Tidy Suite markets itself as a “Social Network Hub,” promising a single app from which users can access their Facebook, Twitter, Instagram, LinkedIn and Foursquare accounts. In actual fact, the free version of the app only supports Facebook and Twitter functionality — accessing any of the other accounts requires the user to either make a $0.99 in-app purchase per service, or $2.99 to unlock everything and remove advertising. Users who only need the basic Twitter and Facebook functionality may also make a one-off $0.99 in-app purchase to simply remove the advertising.
Tidy Suite’s main interface depicts icons for all the services across the top of the screen, regardless of whether or not the user has added an account. Multiple accounts from each service can be added — up to 30 in most cases — and their feeds browsed together. A pop-up sidebar menu allows access to specialist features for each service (such as photo albums for Facebook, Mentions and Trending Topics for Twitter) while a search function occupies the top-right corner of the screen. A toolbar at the bottom allows access to the app’s main functions.
Making a new post is a matter of tapping the Post button on the bottom bar and then selecting the accounts from which it should be sent, each of which is represented by an avatar and small service icon. A “More” button allows access to additional features such as text translation, link shortening and tagging of friends, and the app informs users of what they need to do to make these features work via pop-up message if necessary — for example, friend-tagging only works with Facebook image or location posts.
Each account has access to a detailed stats page that tracks various metrics according to the service. For example, Facebook tracks number of friends, average number of likes, male/female friend ratio and average friend age, while Twitter tracks whether or not users have followed each other back, unfollowers and lists.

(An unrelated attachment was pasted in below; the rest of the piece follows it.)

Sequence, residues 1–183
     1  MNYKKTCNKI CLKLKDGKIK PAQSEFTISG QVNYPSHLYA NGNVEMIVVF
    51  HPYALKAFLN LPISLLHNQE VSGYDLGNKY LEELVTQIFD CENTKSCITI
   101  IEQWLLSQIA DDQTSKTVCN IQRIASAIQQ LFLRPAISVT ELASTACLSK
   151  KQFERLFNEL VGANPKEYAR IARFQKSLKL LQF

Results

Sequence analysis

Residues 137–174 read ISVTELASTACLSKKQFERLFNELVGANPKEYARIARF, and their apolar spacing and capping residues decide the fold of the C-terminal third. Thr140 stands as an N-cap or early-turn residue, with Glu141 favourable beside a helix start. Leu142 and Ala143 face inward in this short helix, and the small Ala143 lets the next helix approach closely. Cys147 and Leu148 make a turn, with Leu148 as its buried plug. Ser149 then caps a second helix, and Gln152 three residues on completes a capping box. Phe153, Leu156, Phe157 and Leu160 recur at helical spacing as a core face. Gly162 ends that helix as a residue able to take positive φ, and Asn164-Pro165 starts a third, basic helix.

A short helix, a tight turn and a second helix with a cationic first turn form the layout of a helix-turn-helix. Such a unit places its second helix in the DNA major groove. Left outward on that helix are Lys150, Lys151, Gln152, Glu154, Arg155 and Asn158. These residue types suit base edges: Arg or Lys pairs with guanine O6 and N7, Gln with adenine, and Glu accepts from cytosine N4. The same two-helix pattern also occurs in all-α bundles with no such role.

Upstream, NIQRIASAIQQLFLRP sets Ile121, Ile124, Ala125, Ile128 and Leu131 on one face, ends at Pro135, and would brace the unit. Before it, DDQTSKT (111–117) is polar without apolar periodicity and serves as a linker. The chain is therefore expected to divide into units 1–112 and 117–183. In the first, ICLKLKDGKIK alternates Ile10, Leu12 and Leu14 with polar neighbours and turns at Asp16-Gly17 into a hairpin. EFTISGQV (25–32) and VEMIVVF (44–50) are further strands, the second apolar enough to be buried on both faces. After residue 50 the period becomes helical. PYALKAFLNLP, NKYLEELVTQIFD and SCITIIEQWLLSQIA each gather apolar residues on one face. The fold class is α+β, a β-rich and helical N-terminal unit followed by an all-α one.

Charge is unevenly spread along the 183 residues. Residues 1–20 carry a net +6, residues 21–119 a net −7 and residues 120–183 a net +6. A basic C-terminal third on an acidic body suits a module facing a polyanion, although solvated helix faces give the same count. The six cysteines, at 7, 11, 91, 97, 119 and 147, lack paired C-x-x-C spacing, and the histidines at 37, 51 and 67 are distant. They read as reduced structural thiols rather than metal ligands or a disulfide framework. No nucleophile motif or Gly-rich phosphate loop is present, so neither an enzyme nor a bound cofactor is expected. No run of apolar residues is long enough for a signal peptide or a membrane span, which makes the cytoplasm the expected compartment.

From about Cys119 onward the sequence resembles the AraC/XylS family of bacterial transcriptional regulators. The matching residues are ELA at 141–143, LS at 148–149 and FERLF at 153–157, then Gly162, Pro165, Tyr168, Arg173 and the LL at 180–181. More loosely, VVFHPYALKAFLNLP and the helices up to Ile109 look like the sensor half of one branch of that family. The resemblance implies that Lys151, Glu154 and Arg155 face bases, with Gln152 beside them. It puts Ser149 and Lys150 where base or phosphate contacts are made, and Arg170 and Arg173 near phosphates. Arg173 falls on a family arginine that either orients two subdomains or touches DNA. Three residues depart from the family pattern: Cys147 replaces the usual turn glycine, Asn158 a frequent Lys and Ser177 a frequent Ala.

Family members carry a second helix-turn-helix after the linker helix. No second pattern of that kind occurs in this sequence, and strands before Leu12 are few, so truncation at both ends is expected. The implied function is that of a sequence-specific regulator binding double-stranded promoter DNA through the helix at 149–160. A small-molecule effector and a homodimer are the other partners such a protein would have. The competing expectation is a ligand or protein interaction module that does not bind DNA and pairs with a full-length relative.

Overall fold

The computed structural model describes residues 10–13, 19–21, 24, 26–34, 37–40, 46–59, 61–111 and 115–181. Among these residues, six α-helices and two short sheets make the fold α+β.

Tidy Suite is a decent idea, but unfortunately somewhat flawed in its execution. Several glaring issues stand out as fairly serious problems, most notably among which are the lack of support for Facebook Pages and Google+ (the latter of which is growing rapidly and which is supported by many other social aggregators) and that most of the features are locked behind a paywall. App Store reviewers have been “review bombing” the app with one-star reviews for this reason, as the store descriptions does not make it clear that access to any feeds other than Twitter and Facebook is a premium feature.
Aside from this, the app also generates a huge amount of notification spam on the device, even with only a single account added. Within five minutes of starting the app, I had been bombarded with over thirty notifications for Facebook posts, most of which I had already seen and dealt with and some of which didn’t even relate directly to me. The notifications instead appear to be drawn from Facebook’s live-updating activity feed, informing me of my friends commenting on other people’s posts, Pages that people have liked and numerous other largely irrelevant things.
The other issue with the app is largely a matter of taste: its design is rather ugly, with unattractive fonts and button captions that do not have enough space around them. There’s also a lot of wasted white space on the various social feeds, with images coming out rather small in many cases and text often being truncated.
On the whole, Tidy Suite makes a good effort at providing a decent social aggregation service, but when better solutions such as HootSuite are out there and available for free, there’s relatively little reason to download this.